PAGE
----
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Develop it when it’s ripe

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We need good metaphors to better understand software development. Good metaphors from our day to day can help us better understand this elusive domain.

Some time ago I wrote about traffic and not long ago I wrote about handling scope the same way you would handle a growing garden. In this short article, I would like to discuss the great opportunity for a better understanding of software development, hidden in fruits. Yes, fruits.

When I start coaching a team I will usually find that the backlog grooming is neglected. Backlog grooming is the process of preparing the scope for the sprint. We do this to reduce variability during the sprint. We do this to avoid surprises. It does have a cost, though – it means we need to invest time in things we will develop later, now.

There is the question of when is a story ready for development. We recommend having a “Definition of Ready” written and reviewed by the team, a list that will evolve as the team gains experience and understanding.

However, having a list will not solve your problems. Moreover, adhering too much to such a definition may cause more problems. We need to be flexible.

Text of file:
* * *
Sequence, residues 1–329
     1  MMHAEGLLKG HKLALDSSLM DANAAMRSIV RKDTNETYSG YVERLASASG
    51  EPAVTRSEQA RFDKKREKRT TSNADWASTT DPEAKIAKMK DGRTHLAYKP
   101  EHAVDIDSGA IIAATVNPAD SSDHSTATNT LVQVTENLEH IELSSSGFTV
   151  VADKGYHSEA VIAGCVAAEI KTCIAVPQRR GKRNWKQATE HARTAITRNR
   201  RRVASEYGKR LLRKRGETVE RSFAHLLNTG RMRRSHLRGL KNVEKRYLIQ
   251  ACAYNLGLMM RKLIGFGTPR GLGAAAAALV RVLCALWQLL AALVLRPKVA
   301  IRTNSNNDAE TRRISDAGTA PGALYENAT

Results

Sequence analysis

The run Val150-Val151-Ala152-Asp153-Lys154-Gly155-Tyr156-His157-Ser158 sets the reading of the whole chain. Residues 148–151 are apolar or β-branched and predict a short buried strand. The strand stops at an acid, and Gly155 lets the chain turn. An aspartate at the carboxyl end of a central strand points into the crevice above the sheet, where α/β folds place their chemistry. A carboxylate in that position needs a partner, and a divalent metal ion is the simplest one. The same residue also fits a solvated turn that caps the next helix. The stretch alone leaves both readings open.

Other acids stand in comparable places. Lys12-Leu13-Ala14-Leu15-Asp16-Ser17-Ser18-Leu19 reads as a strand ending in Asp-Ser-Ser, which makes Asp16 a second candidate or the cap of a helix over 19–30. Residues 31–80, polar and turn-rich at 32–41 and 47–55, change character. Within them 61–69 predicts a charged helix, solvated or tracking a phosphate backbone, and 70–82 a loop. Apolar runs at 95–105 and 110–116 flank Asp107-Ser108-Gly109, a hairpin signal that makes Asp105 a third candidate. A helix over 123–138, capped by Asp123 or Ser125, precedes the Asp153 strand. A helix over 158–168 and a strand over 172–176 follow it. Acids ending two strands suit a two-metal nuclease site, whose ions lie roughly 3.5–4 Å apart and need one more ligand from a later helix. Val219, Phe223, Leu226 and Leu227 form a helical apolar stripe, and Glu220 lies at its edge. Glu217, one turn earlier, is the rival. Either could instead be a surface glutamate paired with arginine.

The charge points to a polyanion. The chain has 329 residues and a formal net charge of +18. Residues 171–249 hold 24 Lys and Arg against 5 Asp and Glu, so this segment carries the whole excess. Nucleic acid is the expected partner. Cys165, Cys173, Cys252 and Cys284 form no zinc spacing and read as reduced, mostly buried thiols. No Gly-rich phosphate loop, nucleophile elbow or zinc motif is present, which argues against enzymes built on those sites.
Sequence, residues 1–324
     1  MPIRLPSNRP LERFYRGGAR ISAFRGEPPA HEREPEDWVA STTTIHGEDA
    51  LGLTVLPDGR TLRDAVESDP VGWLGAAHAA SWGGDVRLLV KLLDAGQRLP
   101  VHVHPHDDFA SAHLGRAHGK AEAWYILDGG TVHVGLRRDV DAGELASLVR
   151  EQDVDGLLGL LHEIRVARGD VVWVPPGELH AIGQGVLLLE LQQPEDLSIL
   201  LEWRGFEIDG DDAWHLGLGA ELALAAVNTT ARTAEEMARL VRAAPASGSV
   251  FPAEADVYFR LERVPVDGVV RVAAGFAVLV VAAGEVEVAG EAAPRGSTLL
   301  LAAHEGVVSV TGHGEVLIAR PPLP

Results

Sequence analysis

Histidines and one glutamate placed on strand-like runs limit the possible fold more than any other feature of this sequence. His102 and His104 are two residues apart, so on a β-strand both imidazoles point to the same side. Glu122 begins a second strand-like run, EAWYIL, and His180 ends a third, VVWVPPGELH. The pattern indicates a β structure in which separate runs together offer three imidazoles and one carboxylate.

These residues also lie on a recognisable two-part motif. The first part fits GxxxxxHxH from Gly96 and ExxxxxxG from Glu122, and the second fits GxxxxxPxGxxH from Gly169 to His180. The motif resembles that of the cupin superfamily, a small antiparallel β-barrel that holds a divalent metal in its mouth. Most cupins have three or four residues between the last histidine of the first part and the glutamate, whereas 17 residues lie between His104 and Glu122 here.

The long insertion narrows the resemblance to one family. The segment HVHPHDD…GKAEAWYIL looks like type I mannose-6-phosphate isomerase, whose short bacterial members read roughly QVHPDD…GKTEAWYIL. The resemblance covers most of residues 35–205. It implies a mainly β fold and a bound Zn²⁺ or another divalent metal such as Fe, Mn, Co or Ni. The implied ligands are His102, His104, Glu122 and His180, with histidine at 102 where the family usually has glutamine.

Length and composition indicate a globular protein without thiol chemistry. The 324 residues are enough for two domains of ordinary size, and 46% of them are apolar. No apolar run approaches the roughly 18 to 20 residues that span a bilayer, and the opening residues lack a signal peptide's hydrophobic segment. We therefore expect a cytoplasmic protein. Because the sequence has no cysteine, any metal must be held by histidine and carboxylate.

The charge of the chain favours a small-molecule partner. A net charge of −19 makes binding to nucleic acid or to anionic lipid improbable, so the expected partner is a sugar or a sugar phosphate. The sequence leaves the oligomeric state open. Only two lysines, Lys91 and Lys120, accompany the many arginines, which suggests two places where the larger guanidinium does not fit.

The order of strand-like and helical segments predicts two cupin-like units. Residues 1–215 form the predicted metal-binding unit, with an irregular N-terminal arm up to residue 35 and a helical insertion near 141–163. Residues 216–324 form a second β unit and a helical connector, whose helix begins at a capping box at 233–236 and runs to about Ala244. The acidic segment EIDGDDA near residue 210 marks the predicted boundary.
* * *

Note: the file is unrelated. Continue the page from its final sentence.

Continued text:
And so we come to fruits. For instance, let’s take a peach, one of my favorite fruits.

How do you know whether a peach is ripe?

First, it is very personal. Ripeness is a relative definition. Some people like soft peaches and some prefer more solid ones.  More than that, hungry soft-peaches-lovers may eat them solid (I’m not sure regarding the opposite, though).

In the same manner, you need to decide when a story is ready. First, it should be per team. Some teams would rather do most work during the sprint and some would prefer to have longer preparations. Second, taste changes. Some teams start with demanding very ripe scope but with time prefer to start more upstream.

To know whether a fruit is ripe you need to look at it and sometimes hold it and smell it. Same for a backlog item. You need to read it, you need to discuss it, you need to feel it.

Some fruits keep ripe for a longer time and some rot very quickly. The same with software. Be sure not to get too much backlog ripe too soon or bad smell will spread around the office.

One thing is sure: After you start eating fruit you should finish it very quickly! Do you know what nasty things happen to partly eat fruit? And the same goes for software. When you start on a story you need to finish it as fast as you can, otherwise, nasty things start to happen and one day you find something green lying on the bottom shelf of the refrigerator, right behind that jam that looked so good in the supermarket.

Now go eat a banana!

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